Joanne Chapman lives in York, and blogs about her experiences of being a parent and having Multiple Sclerosis. In this blog, Joanne explores what possibilities York Central might offer disabled people. This is part of a strand of My York Central work looking at how York Central can be an inclusive and accessible place where disabled people can live, work and play.
What would your home be like? How would the designs enable you to live?
My condition makes the way I live more planned. I just want my home to be easy. My main symptoms of reduced mobility, fatigue and bladder weakness have to be accommodated in the house adaptations.
For my mobility, I need to ensure that access to the front and back of the property e.g. getting in and out, access the garden as well as moving around my home is easy. In terms of what I’d be doing, I would like every room to work for me, so the adaptations and design has to assist my condition by making my home more accessible. My aids need to be discreet, so my home doesn’t look like a special home that is “aid central”. I recently went to NAIDEX, a disability conference with one of the aims to help understand how home design can assist me.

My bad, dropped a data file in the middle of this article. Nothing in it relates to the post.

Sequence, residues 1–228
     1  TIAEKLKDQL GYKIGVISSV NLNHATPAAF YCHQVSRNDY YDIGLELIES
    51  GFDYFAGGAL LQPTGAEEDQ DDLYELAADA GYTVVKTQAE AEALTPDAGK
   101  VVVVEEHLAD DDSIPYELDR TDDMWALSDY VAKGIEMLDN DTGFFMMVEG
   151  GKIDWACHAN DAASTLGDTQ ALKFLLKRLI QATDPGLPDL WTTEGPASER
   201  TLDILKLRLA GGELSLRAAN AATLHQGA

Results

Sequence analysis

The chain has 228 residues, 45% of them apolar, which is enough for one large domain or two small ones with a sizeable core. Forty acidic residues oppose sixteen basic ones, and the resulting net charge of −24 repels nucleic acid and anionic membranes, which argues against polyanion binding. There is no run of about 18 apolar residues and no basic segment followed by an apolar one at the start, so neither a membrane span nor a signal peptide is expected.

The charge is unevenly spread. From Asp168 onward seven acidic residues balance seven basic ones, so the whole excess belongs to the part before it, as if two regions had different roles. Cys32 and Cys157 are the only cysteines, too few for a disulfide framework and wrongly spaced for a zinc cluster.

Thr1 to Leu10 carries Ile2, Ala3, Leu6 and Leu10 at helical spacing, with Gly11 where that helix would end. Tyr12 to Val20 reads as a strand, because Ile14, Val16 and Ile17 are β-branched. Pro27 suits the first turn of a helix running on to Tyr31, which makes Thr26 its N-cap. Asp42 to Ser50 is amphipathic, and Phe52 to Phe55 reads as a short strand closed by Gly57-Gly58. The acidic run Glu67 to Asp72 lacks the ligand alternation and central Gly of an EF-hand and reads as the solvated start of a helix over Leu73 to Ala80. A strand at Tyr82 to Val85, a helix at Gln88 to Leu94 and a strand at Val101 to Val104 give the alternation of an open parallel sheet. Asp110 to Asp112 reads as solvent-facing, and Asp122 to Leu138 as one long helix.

I don’t wish to think how to make my home accessible for a wheelchair but it’s a necessity. With an ageing population and individuals wanting to remain in their homes for longer and not strain services by moving out, new homes need to address accessibility, so doorways have to be wide enough for a wheelchair to easily pass, items placed at appropriate levels from a wheelchair like light switches and plugs, using technology for smart accessibility like blinds and smart door locks so accessing via a chair isn’t an issue, accessibility into and outside the home, to include your garden. Mood is also important especially as MSers have a high likelihood of depression in their lifetime. Different light levels can aid mood. This can be used effectively in different areas of the home.
I recently had a company in to provide understanding of the decisions involved before purchasing a stair lift. I spoke about the marketing material the company used which featured elderly people. I told him that I appreciate that the elderly are the target market but everything was marketed towards the elderly (photographs, language used). The biggest learning is not to assume. Not all disability is visible. If I was a designer, I would be getting a range of opinions from individuals who have a wide range of disability.
What would public spaces and social spaces be like? What would they enable you to do there?